Ever since I was a teenager I have believed in trying to learn something before going to sleep. The evening study period has always been a productive time for me, even if I have not succeeded in the learning I have set myself. I close my notes, read an enjoyable book and then go to sleep. On waking in the morning I consult my notes again and often found that I have remembered more than I thought I had or I have worked out the problem that was out of reach the night before.
Rest is very important for the mind. The subconscious does some magical things when the mind is given some rest. We are at our most unproductive when we try to work excessive hours. Our productivity diminishes as we try to push through our tiredness and ignore the need to socialise with family, go for a walk or have a leisurely meal. Worrying about a problem and obsessing over it can drive the solution away. People may boast of long working hours, but all they are declaring is how unproductive they are.
This time last year we were in the midst of purchasing a house, selling excess household stuff and moving to Singapore. I had one last significant commitment in Australia – to deliver a paper on my research to the annual Religious History Association conference. This was to be the finale of my work of the last couple of years. I had already done a lot of reading and found my primary sources. All I had to do was write it up.
Yet I found writing impossible. There was too much clutter in my mind.
“Remember to get this form signed and witnessed at the post office. These boxes have to go into this room. What stuff needs to be moved into the garage for this week’s sale? Don’t forget to ring my brother tonight. Keep this stuff unpacked until the last minute. Make sure…”
It was impossible to write when surrounded by boxes and legal forms. The date of the conference was looming. I snatched time every morning to write before the household woke up, but the word drought continued.
However, I remained calm. I have enough writing experience to know the words will come and I know the conditions I need for the writing to flow. Busyness is anathema to writing for me.
I arrived in my room at a college at the University of Queensland with barely a paragraph written. My paper was to be delivered in three days. I walked through the grounds of the university, registered and attended the opening session, then slept calmly.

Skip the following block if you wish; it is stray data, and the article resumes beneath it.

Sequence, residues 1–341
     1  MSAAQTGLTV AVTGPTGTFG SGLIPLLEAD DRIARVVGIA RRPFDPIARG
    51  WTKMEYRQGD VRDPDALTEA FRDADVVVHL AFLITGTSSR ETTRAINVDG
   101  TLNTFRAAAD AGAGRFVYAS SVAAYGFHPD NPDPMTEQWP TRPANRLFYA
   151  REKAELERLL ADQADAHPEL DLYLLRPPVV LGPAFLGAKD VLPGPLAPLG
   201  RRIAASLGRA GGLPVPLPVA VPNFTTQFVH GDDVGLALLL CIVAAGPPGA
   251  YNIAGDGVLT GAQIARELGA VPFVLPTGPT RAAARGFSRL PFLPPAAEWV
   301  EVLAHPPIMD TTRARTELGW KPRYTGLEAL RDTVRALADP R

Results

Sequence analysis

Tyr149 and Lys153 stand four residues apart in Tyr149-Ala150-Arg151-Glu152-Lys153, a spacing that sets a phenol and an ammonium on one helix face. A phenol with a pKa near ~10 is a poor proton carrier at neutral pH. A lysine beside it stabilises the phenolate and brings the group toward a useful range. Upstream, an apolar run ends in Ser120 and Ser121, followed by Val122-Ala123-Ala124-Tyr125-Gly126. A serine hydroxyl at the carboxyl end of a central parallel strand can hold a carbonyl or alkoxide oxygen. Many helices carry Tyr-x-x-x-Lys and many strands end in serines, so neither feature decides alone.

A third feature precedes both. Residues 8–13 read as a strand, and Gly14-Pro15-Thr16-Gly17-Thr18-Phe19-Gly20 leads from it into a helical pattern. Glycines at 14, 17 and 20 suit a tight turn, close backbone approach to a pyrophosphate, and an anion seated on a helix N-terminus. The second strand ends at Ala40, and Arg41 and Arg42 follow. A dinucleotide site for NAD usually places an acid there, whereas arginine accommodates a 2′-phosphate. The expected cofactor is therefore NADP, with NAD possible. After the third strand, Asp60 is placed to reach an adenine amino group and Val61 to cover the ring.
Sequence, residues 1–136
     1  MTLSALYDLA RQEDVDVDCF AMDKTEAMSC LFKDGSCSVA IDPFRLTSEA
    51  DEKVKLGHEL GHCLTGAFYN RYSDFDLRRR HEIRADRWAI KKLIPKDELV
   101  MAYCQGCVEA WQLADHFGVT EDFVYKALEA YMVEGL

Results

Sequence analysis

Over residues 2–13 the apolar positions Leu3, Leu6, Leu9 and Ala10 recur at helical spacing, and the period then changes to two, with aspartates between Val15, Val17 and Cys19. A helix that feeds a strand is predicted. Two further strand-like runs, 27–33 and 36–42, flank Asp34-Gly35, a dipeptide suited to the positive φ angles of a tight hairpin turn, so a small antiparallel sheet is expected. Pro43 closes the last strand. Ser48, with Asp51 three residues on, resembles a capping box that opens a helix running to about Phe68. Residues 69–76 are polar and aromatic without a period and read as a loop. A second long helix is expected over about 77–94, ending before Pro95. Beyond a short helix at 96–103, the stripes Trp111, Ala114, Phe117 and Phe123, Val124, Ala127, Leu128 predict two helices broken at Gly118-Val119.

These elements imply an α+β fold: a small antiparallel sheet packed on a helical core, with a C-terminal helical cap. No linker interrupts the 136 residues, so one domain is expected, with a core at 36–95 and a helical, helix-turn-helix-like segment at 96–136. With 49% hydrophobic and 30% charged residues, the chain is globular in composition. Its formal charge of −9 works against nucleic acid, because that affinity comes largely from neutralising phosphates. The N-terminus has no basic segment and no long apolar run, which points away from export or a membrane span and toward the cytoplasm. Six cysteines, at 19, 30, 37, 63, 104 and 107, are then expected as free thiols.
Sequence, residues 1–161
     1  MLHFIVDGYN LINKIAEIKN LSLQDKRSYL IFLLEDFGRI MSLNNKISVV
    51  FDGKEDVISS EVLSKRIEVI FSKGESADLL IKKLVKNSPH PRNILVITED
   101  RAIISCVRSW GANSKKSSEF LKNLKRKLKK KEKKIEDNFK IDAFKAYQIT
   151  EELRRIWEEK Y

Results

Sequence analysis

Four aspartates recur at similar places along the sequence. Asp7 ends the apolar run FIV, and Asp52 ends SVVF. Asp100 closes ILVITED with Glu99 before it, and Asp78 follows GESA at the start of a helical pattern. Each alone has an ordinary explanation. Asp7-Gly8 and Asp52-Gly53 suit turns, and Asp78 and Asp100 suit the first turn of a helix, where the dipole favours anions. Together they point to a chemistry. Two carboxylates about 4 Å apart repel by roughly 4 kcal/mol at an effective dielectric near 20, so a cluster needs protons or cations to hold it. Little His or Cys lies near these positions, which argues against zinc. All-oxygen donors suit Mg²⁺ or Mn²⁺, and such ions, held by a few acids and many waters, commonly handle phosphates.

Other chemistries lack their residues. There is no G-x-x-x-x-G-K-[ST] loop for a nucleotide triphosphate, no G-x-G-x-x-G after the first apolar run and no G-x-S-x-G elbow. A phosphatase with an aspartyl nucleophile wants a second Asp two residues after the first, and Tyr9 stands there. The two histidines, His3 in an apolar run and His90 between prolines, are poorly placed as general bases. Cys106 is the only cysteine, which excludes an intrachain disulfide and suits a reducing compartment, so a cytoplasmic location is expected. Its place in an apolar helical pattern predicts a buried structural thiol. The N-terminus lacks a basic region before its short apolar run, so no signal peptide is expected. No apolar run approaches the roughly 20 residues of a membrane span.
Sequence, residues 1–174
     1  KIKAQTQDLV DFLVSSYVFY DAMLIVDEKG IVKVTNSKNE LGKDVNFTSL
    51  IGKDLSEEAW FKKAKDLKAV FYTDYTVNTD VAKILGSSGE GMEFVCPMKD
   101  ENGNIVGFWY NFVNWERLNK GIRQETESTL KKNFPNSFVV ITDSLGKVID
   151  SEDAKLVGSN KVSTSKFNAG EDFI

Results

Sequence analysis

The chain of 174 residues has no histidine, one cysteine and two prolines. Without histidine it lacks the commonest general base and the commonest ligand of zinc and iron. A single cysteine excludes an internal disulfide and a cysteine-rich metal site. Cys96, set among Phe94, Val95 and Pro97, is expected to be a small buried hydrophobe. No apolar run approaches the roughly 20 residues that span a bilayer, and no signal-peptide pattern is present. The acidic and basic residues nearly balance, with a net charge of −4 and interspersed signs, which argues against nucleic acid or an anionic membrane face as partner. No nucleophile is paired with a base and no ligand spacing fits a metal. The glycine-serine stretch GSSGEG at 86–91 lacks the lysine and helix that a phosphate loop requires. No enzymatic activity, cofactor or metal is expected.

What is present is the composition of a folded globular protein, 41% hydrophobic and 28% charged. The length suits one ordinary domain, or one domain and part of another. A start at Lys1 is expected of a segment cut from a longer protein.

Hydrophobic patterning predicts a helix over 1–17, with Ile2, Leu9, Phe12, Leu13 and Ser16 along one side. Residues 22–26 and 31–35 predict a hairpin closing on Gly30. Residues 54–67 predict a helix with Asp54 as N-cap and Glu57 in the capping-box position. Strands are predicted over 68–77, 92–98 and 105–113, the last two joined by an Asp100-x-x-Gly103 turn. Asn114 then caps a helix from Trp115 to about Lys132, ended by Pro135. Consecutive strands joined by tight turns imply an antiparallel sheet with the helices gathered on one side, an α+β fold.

Over the next two days the words gushed forth. I skipped sessions that were not relevant to my research topic or which coincided with the times of the day I know are most prolific for me – the morning and the evening. I attended sessions when I knew that I would be wasting time attempting to write. Deep into the night and the early hours of the morning I wrote. I knew that what was streaming out of my mind would be good. Writing that flows easily is often the best.
I was nervous when delivering my paper but I had finished with enough time to do a couple of practice runs so I knew it would work within the allotted time. I was delighted with the interest shown in the questions after my paper and conversations during the conference.
I had not known at the time, but this was the paper that launched my book project.
I was reminded of this experience yesterday when driving to the supermarket. For almost a year I have been puzzling over the entry point of my book. I have played around with ideas and have a folder of several first pages. These attempts have not given me what I have been seeking but I have been relaxed about playing around with the first chapter. Something would come.
Over the last few weeks I have been concentrating on another chapter. I have made some exciting breakthroughs in my research and surfing the wave. Now I have to consolidate what I have discovered by doing more reading of the work of other historians on the topic.
I have not been giving any thought to the first page.
It is not often that driving to buy some groceries warrants a mention, but the four-minute drive yesterday was significant for me. Unbidden, words for the first page came to me. As I was turning right and left through the back streets of our suburb, phrases and ideas poured through my mind. All of a sudden I not only had the outline of my first page, but workable ideas for the first chapter.
Thank goodness for mobile phones! I didn’t have pen or paper, but I sat in the dark underground car park at the shopping centre and typed my thoughts into my mobile phone.
The lesson I have learned over many years is that I should not get stressed when I am stuck on a writing project. More recently I have finally recognised the best writing times of day for me. Even though I had not been giving the first chapter much thought over the last couple of weeks, something has been going on in my subconscious.
I have been giving my creative mind the conditions it needs to do its work.